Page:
I realize this entry isn't terribly organized, with lots of different ideas floating around. I've been meaning to write this for a long time now. Any feedback would be appreciated.

Monday, January 28, 2013


I have an animatic with sound to show for today. I'm not quite where I want to be, though. In order to have this finished by the due date, the animation is going to be fairly limited. Kind of like a moving storyboard, where things are on separate layers and moving somewhat, and maybe small subtle things here and there. I plan for the finished drawings/assets to be well-rendered though, which should make up for the limited animation. Also, I highly dislike the sound of my own voice, but I know I'm not alone in that.

I have a follow-up to this post that I will write within this week.

Wednesday, January 23, 2013

Les progress!

I'm going to start off this post admitting that I'm a bit behind.

I've fallen prey to my biggest weakness: over-thinking things, without actually getting enough work done. Since my proposal, I've gone back and forth between a few different ideas, and have wasted time in doing so. However, I am back on track.

I have my script recorded and goal for this weekend is to have the animatic finished, with some animation.

I have chosen to do only the first part of the story...simply because in reading the script out loud, it took me almost two minutes to read the first section. In trying to condense this massive story, I don't think I would have been able to do it in the time allotted. This will be a "Part 1" of a possible series. Does anyone have any feedback on this idea?

I watched more of the 30 second Bunnies animations, but I feel that even in that format, far too much would be lost. Rather, I'll do an introduction to the whole thing, which will hopefully get people interested. I would also rather do something shorter, and come out with a finished product I am proud of, then undertake a monumental task and come out with something I feel unsatisfied with, and is unfinished. The script I have recorded is a little over a minute.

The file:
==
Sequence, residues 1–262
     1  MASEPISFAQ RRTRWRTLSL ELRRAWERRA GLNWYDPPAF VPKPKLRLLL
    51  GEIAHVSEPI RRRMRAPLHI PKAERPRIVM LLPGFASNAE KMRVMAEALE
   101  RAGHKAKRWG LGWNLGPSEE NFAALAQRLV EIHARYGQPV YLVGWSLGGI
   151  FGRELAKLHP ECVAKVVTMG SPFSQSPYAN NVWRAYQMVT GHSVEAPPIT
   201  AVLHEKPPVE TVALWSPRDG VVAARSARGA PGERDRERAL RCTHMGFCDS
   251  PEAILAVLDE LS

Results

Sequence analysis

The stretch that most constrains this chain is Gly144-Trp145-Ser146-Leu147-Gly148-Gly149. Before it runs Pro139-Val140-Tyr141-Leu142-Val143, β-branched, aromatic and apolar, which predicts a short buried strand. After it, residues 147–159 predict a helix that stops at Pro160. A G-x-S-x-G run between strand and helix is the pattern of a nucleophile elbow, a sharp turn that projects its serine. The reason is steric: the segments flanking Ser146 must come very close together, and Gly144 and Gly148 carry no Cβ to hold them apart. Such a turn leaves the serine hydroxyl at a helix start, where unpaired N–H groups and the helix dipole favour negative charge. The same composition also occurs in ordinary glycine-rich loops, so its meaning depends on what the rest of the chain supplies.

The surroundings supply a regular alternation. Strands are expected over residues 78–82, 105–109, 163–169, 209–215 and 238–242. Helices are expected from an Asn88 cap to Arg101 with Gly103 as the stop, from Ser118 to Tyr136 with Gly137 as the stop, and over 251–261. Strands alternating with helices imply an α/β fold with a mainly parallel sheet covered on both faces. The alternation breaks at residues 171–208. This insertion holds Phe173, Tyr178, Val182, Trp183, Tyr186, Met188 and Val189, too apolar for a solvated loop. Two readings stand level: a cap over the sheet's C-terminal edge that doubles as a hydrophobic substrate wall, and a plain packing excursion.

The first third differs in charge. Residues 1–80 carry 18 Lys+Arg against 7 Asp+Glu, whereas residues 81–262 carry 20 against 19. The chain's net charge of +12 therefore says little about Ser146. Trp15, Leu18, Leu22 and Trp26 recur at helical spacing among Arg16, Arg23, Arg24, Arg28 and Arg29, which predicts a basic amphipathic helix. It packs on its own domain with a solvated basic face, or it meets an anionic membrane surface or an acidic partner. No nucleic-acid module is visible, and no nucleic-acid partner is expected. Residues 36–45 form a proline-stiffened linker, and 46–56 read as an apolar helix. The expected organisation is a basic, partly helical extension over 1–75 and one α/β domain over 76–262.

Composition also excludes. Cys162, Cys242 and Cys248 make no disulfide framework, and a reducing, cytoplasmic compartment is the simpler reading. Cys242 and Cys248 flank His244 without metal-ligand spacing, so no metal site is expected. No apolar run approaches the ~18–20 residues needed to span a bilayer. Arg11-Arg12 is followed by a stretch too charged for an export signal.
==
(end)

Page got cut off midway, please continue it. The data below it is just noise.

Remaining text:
I think the style I will do this in will be kind of like a moving storyboard. The animation will be limited, but the drawings will be well-rendered and readable. I will have examples to show soon.

Monday, January 14, 2013

6400: Project 1

Hello Everyone! So I'm starting up this blog again, to document my progress in my Design 6400 class. For my first project, I'm planning on doing a motion graphics animation. The subject matter I've chosen is Les Miserables...mostly because the thing is so hard to explain! Here is what I have so far for the proposal: The concept of my project is to explain “Les Miserables” in 2 minutes or less, using animation in Aftereffects. People who do not know the story sometimes ask what it’s all about, and those who are familiar with it have a hard time explaining- simply because there is so much going on. This would be an attempt to familiarize viewers with the story, in a way that is both entertaining and accessible. The narrative arc will begin with the story of the main character in “Les Miserables,” Jean Valjean, and his being pursued by the police officer, Javert. Theirs is an important relationship in the story and may be touched upon with a bit more detail than some of the others throughout the project. As it progresses, it will show the other characters and their story arcs, compressed in a 2 minute time-frame, while still explaining little interesting facts about both the text and the musical. The techniques I plan to use are to make assets in Photoshop, and use those in Aftereffects. I would animate using the characters as puppets, but the animation would be somewhat limited. I am also using traditional media, pencil and paper, to do pre-production work (such as storyboards and designing the characters.) These techniques support the concept in that the actual animation would take less time than another technique, such as animating traditionally. It would also lend itself well to quick transitions, and compressing a complicated idea into something that can be understood quickly.
Schedule: Week 1: Create proposal and presentation, rough storyboard Week 2: Work on refining storyboard, making an animatic, finding sounds; do aftereffects tutorials Week 3: Start animating; continue tutorials Week 4: Continue animating, take things into premiere for editting Week 5: Continue animating, start final edit Week 6: Finalize the edit, tweak small problems, render out final project Some possibilities for distribution or exhibition could be to enter this into short film festivals, and/or making it available to watch online. “Les Miserables”, the book, is public domain, but I am not sure whether there would be a problem entering this into festivals.